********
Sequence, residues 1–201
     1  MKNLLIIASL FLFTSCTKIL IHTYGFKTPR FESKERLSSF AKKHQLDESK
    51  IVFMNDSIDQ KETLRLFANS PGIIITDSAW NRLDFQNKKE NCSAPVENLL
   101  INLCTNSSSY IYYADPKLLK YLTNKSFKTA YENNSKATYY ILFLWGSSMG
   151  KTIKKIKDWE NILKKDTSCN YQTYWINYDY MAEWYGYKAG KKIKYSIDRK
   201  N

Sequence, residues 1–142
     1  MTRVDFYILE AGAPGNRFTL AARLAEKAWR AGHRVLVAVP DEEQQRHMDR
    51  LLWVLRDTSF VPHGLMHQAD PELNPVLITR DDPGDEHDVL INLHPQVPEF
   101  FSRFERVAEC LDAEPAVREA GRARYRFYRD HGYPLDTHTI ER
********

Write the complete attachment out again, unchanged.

Sequence, residues 1–201
     1  MKNLLIIASL FLFTSCTKIL IHTYGFKTPR FESKERLSSF AKKHQLDESK
    51  IVFMNDSIDQ KETLRLFANS PGIIITDSAW NRLDFQNKKE NCSAPVENLL
   101  INLCTNSSSY IYYADPKLLK YLTNKSFKTA YENNSKATYY ILFLWGSSMG
   151  KTIKKIKDWE NILKKDTSCN YQTYWINYDY MAEWYGYKAG KKIKYSIDRK
   201  N

Sequence, residues 1–142
     1  MTRVDFYILE AGAPGNRFTL AARLAEKAWR AGHRVLVAVP DEEQQRHMDR
    51  LLWVLRDTSF VPHGLMHQAD PELNPVLITR DDPGDEHDVL INLHPQVPEF
   101  FSRFERVAEC LDAEPAVREA GRARYRFYRD HGYPLDTHTI ER